In the Netherlands city of Eindhoven, the streetlights lining a central commercial strip will glow red if a storm is coming.
It’s a subtle cue that harkens back to an old phrase about a red sky warning mariners that bad weather is on the way. The automated color change is possible because satellite weather data flows over a network to tiny processors installed inside the lampposts, which are linked by an integrated wireless system.
Lighting hues reflecting atmospheric changes are only the beginning of myriad functions these so-called “smart streetlights” can perform. Each light has something akin to a smartphone embedded inside of it, and the interconnected network of lights can be controlled by a central command center.
Since they have built-in flexibility for multiple adaptations, the systems can be programmed to serve a wide variety of purposes. Aside from merely illuminating public space, possible uses could include street surveillance with tiny cameras, monitoring pedestrian or vehicle traffic, or issuing emergency broadcasts via internal speaker systems.
The smart streetlights aren’t just streetlights — they’re data collection devices that have the potential to track anything from pedestrian movements to vehicle license plate numbers. And, through a curious process distinctly lacking in transparency, these spylights are on their way to San Francisco.
On Minna between Fourth and Sixth streets in downtown San Francisco, the San Francisco Public Utilities Commission has installed a pilot project to test 14 streetlights that are connected by a wireless control system. The city agency plans to gauge how well this system can remotely read city-owned electric meters, wirelessly transmit data from tiny traffic cameras owned by the Municipal Transportation Agency, and transmit data from traffic signals.
The pilot grew out of San Francisco’s participation in an international program called the Living Labs Global Award, an annual contest that pairs technology vendors with officials representing 22 cities from around the world. At a May 2012 LLGA awards summit in Rio de Janeiro, far outside the scope of the city’s normal bidding processes, a Swiss company called Paradox Engineering won the right to start testing the high-tech lights in San Francisco. Within six months, Paradox Engineering and the SFPUC had the Minna streetlights test up and running.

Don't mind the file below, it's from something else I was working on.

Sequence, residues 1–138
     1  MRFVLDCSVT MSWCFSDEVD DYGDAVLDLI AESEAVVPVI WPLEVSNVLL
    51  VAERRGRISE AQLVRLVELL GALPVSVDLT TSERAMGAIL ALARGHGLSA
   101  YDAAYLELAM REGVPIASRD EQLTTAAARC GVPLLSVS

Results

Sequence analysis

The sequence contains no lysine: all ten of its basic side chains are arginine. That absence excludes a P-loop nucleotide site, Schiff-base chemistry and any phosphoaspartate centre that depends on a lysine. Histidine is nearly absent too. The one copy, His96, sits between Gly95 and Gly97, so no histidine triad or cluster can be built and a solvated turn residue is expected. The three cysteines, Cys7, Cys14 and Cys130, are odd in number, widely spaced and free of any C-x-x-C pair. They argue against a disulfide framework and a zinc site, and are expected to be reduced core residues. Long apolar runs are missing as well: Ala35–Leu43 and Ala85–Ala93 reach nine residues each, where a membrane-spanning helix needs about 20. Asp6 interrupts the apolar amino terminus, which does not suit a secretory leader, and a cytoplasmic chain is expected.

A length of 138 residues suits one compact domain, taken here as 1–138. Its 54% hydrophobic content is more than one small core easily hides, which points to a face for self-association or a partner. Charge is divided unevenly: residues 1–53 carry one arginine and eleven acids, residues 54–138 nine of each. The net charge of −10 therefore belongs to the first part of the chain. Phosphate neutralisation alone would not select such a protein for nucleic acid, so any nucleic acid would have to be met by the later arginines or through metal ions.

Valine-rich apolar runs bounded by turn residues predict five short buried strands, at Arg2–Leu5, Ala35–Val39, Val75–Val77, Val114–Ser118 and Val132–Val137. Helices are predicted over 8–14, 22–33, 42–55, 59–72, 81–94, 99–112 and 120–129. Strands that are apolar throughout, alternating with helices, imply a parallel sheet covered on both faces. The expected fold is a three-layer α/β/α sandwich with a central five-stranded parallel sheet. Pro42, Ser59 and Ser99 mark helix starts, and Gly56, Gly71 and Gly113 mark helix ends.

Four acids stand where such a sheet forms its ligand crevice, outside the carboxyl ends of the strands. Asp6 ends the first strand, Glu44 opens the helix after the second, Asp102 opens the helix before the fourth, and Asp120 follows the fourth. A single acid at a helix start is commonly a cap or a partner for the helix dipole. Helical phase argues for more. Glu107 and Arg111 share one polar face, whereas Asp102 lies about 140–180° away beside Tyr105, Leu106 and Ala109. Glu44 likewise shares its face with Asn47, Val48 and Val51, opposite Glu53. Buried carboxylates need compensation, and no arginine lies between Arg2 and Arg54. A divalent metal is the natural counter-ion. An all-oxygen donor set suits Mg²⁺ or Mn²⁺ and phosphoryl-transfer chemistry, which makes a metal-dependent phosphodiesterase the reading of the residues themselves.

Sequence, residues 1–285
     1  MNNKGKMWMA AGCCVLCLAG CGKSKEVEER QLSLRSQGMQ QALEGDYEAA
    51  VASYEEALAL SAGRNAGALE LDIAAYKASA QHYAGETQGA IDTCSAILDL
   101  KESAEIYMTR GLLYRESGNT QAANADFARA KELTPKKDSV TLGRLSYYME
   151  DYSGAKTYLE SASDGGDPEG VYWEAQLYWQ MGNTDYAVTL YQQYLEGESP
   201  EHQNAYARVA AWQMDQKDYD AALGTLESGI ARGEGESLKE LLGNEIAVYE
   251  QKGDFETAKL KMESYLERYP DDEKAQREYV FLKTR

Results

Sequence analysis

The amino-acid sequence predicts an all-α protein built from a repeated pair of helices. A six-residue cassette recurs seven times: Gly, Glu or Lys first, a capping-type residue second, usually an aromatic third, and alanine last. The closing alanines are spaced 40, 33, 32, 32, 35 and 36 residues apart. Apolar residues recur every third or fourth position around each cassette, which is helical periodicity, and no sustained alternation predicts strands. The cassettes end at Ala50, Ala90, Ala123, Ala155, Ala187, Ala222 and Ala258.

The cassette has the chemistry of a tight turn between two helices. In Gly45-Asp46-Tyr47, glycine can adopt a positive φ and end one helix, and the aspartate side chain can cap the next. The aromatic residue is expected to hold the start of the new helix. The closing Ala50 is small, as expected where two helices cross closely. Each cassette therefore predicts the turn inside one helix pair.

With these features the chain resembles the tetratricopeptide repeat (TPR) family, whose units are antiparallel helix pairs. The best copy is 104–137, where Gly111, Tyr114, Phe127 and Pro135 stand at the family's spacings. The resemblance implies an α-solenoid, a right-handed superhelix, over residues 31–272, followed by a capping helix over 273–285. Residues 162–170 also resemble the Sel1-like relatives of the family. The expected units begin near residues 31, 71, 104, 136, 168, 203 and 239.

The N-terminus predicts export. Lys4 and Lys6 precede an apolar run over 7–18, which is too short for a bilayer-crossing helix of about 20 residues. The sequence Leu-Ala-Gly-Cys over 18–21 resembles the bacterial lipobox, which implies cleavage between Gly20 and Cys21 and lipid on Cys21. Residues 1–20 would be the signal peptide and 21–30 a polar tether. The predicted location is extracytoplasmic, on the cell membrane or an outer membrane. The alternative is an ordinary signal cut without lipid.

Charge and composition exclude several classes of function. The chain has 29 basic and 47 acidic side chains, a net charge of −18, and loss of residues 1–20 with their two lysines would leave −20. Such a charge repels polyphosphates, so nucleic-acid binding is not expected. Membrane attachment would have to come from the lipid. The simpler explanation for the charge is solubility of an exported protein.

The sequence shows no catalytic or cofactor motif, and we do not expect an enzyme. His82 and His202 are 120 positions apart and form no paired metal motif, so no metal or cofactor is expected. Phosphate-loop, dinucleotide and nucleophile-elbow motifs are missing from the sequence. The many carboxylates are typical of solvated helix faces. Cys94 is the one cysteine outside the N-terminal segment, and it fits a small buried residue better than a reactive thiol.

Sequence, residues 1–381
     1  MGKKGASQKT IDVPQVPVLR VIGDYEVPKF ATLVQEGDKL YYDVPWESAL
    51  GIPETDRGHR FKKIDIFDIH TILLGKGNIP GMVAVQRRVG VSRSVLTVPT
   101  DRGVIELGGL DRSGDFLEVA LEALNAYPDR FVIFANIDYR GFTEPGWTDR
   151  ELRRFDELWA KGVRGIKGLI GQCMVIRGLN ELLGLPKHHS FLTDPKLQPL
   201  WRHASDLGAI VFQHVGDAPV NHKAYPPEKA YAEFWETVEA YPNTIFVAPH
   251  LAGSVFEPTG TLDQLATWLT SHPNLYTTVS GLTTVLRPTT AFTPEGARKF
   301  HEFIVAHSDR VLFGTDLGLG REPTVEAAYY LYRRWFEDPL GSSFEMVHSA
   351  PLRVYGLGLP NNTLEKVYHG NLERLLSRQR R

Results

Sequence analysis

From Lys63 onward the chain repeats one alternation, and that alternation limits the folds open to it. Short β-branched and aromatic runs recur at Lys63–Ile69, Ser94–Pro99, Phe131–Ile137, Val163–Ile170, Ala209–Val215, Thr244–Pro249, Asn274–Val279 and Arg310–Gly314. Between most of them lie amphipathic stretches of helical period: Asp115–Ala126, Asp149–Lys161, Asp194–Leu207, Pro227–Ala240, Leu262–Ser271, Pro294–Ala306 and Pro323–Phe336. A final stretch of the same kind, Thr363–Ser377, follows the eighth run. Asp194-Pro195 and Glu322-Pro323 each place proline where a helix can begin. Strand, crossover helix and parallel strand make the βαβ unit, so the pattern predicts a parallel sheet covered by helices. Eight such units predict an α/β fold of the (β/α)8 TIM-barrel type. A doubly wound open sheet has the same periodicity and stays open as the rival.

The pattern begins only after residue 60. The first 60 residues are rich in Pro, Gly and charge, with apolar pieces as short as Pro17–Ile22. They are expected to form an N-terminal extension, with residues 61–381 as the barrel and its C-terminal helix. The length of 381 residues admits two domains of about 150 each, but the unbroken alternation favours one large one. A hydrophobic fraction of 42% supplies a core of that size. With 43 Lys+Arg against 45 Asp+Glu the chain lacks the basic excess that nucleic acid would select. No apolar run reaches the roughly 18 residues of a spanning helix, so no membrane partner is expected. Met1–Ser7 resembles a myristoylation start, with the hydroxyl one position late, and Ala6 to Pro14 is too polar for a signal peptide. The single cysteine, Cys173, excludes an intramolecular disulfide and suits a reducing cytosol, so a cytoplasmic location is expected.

Meanwhile, the city has issued a separate Request for Proposals for a similar pilot, which will test out “adaptive lighting” that can be dimmed or brightened in response to sensors that register pedestrian activity or traffic volume. The city is negotiating contracts with five firms that will test out this technology in three different locations, according to Mary Tienken, Project Manager for LED Streetlight Conversion Project for the SFPUC.
Under the program, five vendors will be chosen to demonstrate their wireless streetlights on 18 city-owned lights at three test sites: Washington Street between Lyon and Maple streets; Irving Street between 9th and 19th avenues; and Pine Street between Front and Stockton streets.
LED streetlights are energy-efficient and could yield big savings — but the lights do far more than shine. The RFP indicates that “future needs for the secure wireless transmission of data throughout the city” could include traffic monitoring, street surveillance, gunshot monitoring and street parking monitoring devices.